Middle infielders are not exactly a gold mine for Fantasy players, as shortstop is widely considered one of the weakest and thinnest positions in Fantasy Baseball. This season, however, there is an influx of talented middle infielders, such as Carlos Correa who is an elite option that should contribute well in every category. Other youngsters are getting hype at the position, including Corey Seager, Xander Bogaerts, and Francisco Lindor, and dominate the Top 5 picks at the position.
Second base doesn’t offer well-rounded elite options, but offers elite speed at the top of the draft in Jose Altuve and Dee Gordon. The depth of second base also shouldn’t be overlooked this season, with the likes of Neil Walker, Daniel Murphy, and Dustin Pedroia outside of the Top 12 in ADP at the position.
Popular sleepers at middle infield currently include Ketel Marte, Jonathan Schoop, Trea Turner and Trevor Story. These are names everyone will be on this season, and by the end of Spring Training, they could shoot up draft boards.
This article will focus on players who have received little hype but should return their value and then some. When looking for late round targets, I focus on two things in particular. The first is the potential to produce double-digit home runs and steals. The second is a player who has secured a high leverage place in a batting order that should produce a lot of runs.
Of course, these things are big indicators of Fantasy value, so finding them deep in the draft isn’t easy. Here are a few players I will be targeting at middle infield late in drafts in 2016.
Middle Infielders to Target
Joe Panik, 2B, San Francisco Giants (NFBC ADP: 21st at 2B, 268th overall)
Panik checks off the boxes I mentioned in the introduction. Double digit production in steals looks like a long shot considering he stole just three bases in 100 games last season. However, he has shown the ability to steal bases in the minor leagues, as he stole at least 10 bases in 2011, 2012, and 2013. With that said, an uptick from his three steals in 2015 can be expected.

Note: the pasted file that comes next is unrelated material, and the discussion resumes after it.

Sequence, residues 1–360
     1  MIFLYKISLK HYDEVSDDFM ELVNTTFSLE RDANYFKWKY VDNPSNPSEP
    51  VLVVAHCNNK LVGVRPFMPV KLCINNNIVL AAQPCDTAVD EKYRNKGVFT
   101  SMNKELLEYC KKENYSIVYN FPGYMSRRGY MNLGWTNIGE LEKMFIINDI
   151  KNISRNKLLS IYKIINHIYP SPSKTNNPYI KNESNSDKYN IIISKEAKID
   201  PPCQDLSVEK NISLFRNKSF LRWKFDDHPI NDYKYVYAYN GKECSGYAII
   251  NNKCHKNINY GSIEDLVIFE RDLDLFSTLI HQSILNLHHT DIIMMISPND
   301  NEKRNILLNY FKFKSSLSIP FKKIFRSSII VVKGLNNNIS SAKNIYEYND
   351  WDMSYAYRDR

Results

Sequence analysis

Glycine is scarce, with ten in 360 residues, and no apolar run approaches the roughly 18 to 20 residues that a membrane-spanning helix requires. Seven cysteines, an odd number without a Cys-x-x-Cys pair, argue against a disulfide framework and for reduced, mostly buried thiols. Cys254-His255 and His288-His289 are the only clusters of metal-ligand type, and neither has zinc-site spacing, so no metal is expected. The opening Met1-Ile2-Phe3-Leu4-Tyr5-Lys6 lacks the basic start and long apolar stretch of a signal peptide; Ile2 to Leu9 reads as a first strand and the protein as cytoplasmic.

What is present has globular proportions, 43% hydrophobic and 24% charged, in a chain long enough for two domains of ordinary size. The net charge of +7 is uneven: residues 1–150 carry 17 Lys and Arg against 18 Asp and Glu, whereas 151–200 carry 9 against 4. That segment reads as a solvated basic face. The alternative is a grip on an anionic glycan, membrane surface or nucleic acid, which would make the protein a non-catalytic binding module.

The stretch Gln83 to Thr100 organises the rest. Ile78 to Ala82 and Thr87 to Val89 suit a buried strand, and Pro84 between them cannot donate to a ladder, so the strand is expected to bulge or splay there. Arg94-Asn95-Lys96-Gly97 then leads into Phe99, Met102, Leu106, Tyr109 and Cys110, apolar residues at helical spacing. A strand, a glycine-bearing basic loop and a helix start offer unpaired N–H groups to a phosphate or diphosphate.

The possibility for 10 home runs is strong due to the volume of plate appearances Panik is likely to see in 2016. Projecting a 7.5% HR/FB rate and 34% flyball rate on 670 plate appearances would give Panik 14 home runs on the season, all of which are very reasonable. Even if some plate appearances are taken off that projection, he will not be a zero home run contributor like many options late in drafts in the middle infield.
The lineup situation is strong for Panik, which is a major boost to his Fantasy value. Panik is penciled into the second spot in the Giants lineup, which features some combination of Buster Posey, Hunter Pence, and Brandon Belt batting behind him. Combined with his ability to get on base, he has posted strong on-base percentages throughout his career in both the major and minor leagues and has the potential to score 80 runs.
Daniel Murphy and Dustin Pedroia offer comparable profiles to Panik heading into 2016, yet he currently comes at a 100 pick discount from them. That makes him a great middle infield target late in drafts.
Marcus Semien, SS, Oakland Athletics (NFBC ADP: 13th at SS, 250th overall)
Defense is the key concern for Semien even though it doesn’t count for Fantasy purposes because it could cost him playing time. However, the A’s infield doesn’t exactly have a lot of other options as Eric Sogard is listed as his backup and Franklin Barreto won’t be called-up until late in 2016, at the earliest. That said, I’m not worried about Semien’s playing time.
A 15/15 season is well within reach for him, but his counting stats could be lacking due to both a poor A’s lineup and a poor spot in that lineup. That was illustrated to us last year as even with 15 home runs, Semien managed just 110 runs and RBIs combined.
Semien is currently slated to bat ninth in the A’s lineup, but question marks can be found throughout the lineup giving him a chance to move up in the order. If he does, a jump in counting stats will supplement some nice home run and stolen base production.
Brad Miller, SS, Tampa Bay Rays (NFBC ADP: 15th at SS, 269th overall)
Miller hasn’t lived up to the hype he got as a prospect, however, he took a step forward last year leaving us to dream for one more offseason about what he can do. Miller struggles against left-handed pitchers, which could lead to lost at-bats, but there is no obvious platoon option currently on the Rays roster.
With full time at-bats, Miller could provide sneaky power numbers as his average fly ball distance has increased each of the past three seasons. This doesn’t mean it will increase again this year, but rather shows that he has the potential for power growth.
The park and division change should also create more home run potential for his bat. According to Baseball Prospectus’ park factors, Safeco Field played fairly neutrally in the home run department for left-handed batters last season. In contrast, Tropicana Field was considered the second best home run park for left-handed batters.
Other parks Miller will frequently bat include Yankee Stadium and Camden Yards which are ranked fourth and fifth best respectively for left-handed power. It’s ambitious, but 20 home runs aren’t out of the question for Miller.
Miller’s exact role has yet to be seen with his new club, making this a riskier pick in terms of his stolen base and counting stats production. However, the potential payoff is big, especially if he can solidify a role at the top or in the middle of the revamped Rays lineup.